The Question People Are Afraid to Ask

When I talk about my condition, which is not rare, but rarely known, I get a lot blank stares. When I explain that Chiari Malformation invariably includes invasive brain surgery as the standard treatment, and that it often includes more than one, I get a lot of uncomfortable glances at the ground. I know this look well; it’s the look of: I have questions that I’m too embarrassed to ask. The most common embarrassing question (for them) is: do you have brain damage?

The short answer to this question is: Yes. Before I explain why I do, and what it is, let’s review what someone did to my brain less than a year ago. My brilliant neurosurgeon, and I’m not being snotty, sliced open my head, and cut a large hole in my skull to relieve the pressure off my swelling brain. This allowed the part of my brain that was squishing out of my underdeveloped skull, to slide back inside the skull, where it belongs. To keep things where they belong, he sliced a part of my dura, from a higher spot, and patched the hole in my skull with it, leaving me with a giant soft spot, like a nearly forty-year-old baby.

When people are afraid to ask if I’m brain damaged, it’s the least of my concerns. I’m too busy worrying about my next brain surgery (soon). Or I’m concerned the limp I’ve developed is part of the array of permanent symptoms, or it’s because I’ve been immobile too long. I don’t care about your discomfort around me. I’m not ashamed of my condition because it happened to me; I didn’t do it. In fact, I’m happy to share because it spreads awareness about something horrible that very few people know about.

So yes, I have brain damage. Brain surgery is considered a traumatic brain injury (TBI), the healing time for which is measured in years, not months. And, this leaves behind permanent problems for nearly every TBI patient. For me, my problems include anxiety and panic, reading and writing problems, and memory issues.

Anxiety and panic is not uncommon with TBI. My triggers are sometimes unknown; but for the most part, I am triggered by medical procedures. I get panicked by meeting new doctors. And, if you show me an image of a patient bolted to a table, face down for my procedure, you will see a panic attack.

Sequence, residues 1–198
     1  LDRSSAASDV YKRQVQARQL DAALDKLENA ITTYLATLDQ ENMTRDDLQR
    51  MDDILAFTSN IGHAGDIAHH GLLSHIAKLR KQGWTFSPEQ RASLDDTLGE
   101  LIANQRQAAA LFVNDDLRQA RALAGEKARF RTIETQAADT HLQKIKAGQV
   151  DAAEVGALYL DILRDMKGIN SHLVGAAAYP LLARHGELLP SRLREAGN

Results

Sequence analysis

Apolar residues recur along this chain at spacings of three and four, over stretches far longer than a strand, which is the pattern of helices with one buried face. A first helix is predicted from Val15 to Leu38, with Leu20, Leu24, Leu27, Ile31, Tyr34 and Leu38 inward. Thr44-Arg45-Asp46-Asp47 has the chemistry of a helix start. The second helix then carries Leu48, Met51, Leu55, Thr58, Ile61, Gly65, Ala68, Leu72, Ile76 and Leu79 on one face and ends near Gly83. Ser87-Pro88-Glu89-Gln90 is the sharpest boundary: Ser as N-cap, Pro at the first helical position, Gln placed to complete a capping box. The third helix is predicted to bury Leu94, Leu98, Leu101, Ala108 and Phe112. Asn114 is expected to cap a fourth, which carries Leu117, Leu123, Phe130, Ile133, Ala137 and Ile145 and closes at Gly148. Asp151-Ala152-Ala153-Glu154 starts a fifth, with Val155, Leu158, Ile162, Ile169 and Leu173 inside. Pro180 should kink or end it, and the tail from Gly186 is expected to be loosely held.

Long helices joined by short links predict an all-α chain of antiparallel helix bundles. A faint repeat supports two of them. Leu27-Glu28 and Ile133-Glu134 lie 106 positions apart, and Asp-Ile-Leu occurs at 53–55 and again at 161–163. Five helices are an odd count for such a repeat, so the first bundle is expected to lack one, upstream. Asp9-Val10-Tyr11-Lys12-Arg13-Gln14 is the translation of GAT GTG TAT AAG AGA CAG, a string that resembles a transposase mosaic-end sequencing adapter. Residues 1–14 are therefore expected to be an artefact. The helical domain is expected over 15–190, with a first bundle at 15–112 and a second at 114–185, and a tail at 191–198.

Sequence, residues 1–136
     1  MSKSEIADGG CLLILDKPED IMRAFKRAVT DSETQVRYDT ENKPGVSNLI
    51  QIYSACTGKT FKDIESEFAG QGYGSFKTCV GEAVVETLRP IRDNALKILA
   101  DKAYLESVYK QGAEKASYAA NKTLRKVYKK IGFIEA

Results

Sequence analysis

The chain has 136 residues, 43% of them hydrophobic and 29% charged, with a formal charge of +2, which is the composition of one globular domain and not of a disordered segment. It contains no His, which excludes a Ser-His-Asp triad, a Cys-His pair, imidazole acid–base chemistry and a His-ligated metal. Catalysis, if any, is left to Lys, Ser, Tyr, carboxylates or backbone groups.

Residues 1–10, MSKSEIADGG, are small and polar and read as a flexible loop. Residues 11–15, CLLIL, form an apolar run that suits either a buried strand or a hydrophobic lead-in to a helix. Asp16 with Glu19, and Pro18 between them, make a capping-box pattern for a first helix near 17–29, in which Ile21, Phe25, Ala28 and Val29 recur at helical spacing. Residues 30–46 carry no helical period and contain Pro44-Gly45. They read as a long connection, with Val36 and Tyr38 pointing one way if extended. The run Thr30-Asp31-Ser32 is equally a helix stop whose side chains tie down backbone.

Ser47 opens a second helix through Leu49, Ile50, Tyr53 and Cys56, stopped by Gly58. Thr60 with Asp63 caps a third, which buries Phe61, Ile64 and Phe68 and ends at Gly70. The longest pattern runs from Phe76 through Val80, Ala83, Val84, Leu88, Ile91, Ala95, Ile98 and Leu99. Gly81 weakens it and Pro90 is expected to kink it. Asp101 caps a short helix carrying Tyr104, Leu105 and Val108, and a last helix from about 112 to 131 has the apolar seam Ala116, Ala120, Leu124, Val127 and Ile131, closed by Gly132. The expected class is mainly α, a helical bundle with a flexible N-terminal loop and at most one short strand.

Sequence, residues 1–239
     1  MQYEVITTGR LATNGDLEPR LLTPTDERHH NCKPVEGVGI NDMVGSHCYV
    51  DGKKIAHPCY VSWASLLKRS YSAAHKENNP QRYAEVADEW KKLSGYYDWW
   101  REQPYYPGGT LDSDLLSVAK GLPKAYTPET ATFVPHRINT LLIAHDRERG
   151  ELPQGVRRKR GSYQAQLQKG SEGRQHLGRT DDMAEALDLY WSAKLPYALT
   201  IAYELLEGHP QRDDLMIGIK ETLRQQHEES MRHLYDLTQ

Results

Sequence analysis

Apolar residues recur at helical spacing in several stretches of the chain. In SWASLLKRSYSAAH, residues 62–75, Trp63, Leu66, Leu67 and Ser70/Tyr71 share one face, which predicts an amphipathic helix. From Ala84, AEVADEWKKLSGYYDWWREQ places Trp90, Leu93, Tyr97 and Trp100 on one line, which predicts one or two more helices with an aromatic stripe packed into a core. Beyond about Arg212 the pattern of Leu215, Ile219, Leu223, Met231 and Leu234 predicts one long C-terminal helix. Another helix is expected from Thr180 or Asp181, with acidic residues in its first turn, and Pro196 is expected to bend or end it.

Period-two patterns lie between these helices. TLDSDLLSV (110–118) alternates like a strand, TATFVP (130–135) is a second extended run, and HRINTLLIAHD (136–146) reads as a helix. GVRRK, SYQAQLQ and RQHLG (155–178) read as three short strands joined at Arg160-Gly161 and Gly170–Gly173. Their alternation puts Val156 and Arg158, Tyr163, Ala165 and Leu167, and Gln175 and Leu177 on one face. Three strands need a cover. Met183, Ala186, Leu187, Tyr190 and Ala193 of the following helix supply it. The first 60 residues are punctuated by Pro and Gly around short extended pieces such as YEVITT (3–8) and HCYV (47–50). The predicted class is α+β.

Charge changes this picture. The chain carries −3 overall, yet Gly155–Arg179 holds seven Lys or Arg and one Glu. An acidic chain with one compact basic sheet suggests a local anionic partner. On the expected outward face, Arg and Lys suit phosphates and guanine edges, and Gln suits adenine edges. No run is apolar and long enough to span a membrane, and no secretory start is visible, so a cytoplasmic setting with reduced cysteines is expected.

I have difficulty spelling, both in typing and handwriting, horribly distressing for a former English professor. I leave off the beginnings and ends of words, and I misspell almost everything. I used to curse autocorrect, now I don’t know how I’d live without it. Autocorrect fails have become my life; thankfully I’ve learned to proofread before sending words like: boobs (boots), boobs (books), boobs (boon). Why does my phone think I like boobs?

My memory is severely affected. We moved over six months ago and I don’t know my address. Under any stress, even those that would not stress any “normal” individual, my memory is far worse. For example, if I’m in a new environment, my memory is gone. I carry a notebook with me, with all pertinent information, as I won’t remember any of it, and the more anxious I get, when questioned, the worse it gets.

I recently tried to take an art class. The combination of being excited about the course, plus being in a new store for supplies was a recipe for memory issues. The clerk asked me what class I was taking; I couldn’t remember. Then, she asked me what school I was going to; I couldn’t remember. She asked me who my teacher was; I couldn’t remember, but now I was sweating. She asked me where I lived, because I thought I could just end the conversation by pretending I’d just moved, and that excused my silly delirium; but I couldn’t remember, and now I was shaking.

Finally, I confessed that I was a brain surgery patient; she immediately understood, and I relaxed. That’s my permanent practice now; I carry my notebook, I pull it out and answer questions from it. When clerks look at me like I’m weird, I tell them why I’m referring to a notebook. People are exceptionally understanding when they know someone has jabbed at your brain.

Embarrassment shouldn’t stop you from wanting to know about someone, especially a friend’s condition. You may be able to help them in ways you might not even understand. You might be able to come to the store with me. You might be able to hold my hand at a doctor’s appointment. You might be able to just listen. Ask and you shall receive.